It would be interesting if they put the monitoring equipment in a cell phone, then even though the device has a short range it could be continuously monitored from anywhere not just the house, as long as the lady had her phone with her.

Re:There must be something I'm missing (0)

Anonymous Coward | more than 4 years ago | (#29015247)

Biotronik has been doing this for some time now.

Re:There must be something I'm missing (0)

Anonymous Coward | more than 4 years ago | (#29014717)

It uses the rf spectrum. Older models use magnetic telemetry. So while both are "wireless" in that there is not a wire connecting the pacemaker and monitoring system, this new model has a range measured in feet while the older models require a "wand" to rest on the patient's chest, above the implant.

4chan (3, Funny)

hoggoth (414195) | more than 4 years ago | (#29013987)

Thousands of 4channers suddenly stop what they were doing and in unison spit out, 'WHAT just got connected to the Internet?' as smiles spreads across their faces. ... maybe this isn't such a good idea...

"Fatal error" jokes aside... (5, Informative)

dazedNconfuzed (154242) | more than 4 years ago | (#29014041)

As someone fitted with a pacemaker of late, having means to often update the doc with performance data would be nice - if not downright life-saving.

With current technology, I have to go in for my "tuneup" every six months. It does involve a wireless interface, and there is an impressive amount of data dumped. A great many parameters can be changed with ease by a trained technician. When we determined that my natural resting heartrate was under 60bpm, reprogramming that to a minimum of 50bpm was trivial.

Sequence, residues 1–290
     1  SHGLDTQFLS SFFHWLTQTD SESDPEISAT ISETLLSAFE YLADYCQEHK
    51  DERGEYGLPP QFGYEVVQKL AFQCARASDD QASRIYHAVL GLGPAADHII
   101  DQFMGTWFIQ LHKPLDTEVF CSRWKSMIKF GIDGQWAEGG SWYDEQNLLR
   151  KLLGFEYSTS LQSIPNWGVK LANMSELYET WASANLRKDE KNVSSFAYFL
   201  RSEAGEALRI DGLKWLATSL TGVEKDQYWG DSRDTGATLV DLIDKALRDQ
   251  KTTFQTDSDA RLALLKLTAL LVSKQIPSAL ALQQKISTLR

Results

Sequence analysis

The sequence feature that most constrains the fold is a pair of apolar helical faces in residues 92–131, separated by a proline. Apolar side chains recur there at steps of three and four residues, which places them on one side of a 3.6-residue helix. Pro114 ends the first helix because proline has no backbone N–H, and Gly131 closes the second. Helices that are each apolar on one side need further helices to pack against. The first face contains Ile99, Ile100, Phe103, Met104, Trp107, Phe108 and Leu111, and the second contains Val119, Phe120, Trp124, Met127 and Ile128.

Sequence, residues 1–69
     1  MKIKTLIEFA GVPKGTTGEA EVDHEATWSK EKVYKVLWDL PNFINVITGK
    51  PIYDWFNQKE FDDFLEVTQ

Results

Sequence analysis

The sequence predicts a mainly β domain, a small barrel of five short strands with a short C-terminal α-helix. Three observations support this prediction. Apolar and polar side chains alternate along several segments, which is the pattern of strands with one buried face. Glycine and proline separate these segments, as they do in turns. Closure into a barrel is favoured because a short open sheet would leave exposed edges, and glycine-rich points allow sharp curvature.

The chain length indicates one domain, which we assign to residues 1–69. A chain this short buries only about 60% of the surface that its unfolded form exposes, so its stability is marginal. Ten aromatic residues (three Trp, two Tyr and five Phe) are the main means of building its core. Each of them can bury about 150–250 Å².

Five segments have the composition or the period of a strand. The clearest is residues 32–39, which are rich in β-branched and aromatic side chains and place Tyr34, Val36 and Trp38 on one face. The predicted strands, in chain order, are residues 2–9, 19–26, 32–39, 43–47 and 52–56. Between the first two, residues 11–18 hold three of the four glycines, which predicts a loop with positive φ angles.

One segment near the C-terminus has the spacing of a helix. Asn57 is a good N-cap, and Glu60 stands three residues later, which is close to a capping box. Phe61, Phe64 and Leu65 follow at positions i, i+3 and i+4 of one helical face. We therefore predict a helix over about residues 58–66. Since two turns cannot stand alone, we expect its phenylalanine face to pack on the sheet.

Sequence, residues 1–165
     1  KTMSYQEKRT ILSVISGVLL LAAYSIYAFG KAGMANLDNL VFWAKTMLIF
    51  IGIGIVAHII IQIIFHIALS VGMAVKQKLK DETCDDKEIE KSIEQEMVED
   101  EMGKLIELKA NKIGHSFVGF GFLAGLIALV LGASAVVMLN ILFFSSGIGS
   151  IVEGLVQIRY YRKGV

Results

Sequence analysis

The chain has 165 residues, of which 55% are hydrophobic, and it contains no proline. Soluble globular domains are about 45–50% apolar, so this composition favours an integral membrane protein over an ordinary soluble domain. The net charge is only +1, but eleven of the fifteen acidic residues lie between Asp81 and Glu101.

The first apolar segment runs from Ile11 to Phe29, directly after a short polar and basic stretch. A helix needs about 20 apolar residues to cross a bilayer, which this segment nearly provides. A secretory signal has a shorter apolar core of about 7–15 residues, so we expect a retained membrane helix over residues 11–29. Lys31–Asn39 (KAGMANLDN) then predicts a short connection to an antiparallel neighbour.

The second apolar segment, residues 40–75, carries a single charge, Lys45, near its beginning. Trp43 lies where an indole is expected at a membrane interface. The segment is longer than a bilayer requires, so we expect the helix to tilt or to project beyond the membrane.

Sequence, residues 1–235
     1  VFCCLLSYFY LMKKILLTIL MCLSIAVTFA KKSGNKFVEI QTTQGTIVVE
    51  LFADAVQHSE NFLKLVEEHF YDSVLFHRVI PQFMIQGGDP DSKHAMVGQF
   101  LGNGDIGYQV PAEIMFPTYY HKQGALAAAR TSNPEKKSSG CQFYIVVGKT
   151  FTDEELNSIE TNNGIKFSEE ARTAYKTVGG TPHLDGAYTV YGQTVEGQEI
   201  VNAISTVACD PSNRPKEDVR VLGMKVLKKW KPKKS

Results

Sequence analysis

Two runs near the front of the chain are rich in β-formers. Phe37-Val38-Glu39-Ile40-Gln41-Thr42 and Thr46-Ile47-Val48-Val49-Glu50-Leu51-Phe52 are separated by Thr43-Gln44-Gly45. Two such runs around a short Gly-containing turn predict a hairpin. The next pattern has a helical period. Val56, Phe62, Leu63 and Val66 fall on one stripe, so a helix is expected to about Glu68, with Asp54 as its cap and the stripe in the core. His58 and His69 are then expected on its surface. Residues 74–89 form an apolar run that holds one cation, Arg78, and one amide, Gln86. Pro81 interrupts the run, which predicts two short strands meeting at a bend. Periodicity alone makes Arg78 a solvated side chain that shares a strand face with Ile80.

Transmitting ongoing data to the doc would be convenient, making it easy to email "hey, something funny happened today, please look into it" without having to wait until a scheduled appointment involving a not-always-available technician. Being able to transmit critical event as they occur is also very desirable - duh; my Medical Alert necklace may direct medics to call my cardiologist, who would be much more effective if he already had incident data.

Of course the real problem is remote control. Informing the doc of ongoing/critical data is one thing; allowing access to make remote updates is a different issue. Making the unit such that remote changes are impossible is, of course, possible. However, if ANY change will be made to such a critical device, then it should be done IN A DOCTOR'S OFFICE. One of my diagnostic routines is dropping my heart rate to 40bpm - harmless if done right, lethal if screwed up.

Of course the real concern to most /. readers is the LOLFAIL headline. "Hey, watch out for a DDOS on your pacemaker! Ha ha ha!" Nothing wins a lot of reads like a headline making some technical advancement sound really dumb. Funny how so many readers of a high-tech news source treat high-tech advancements like Luddites.

Re:"Fatal error" jokes aside... (0)

Anonymous Coward | more than 4 years ago | (#29014143)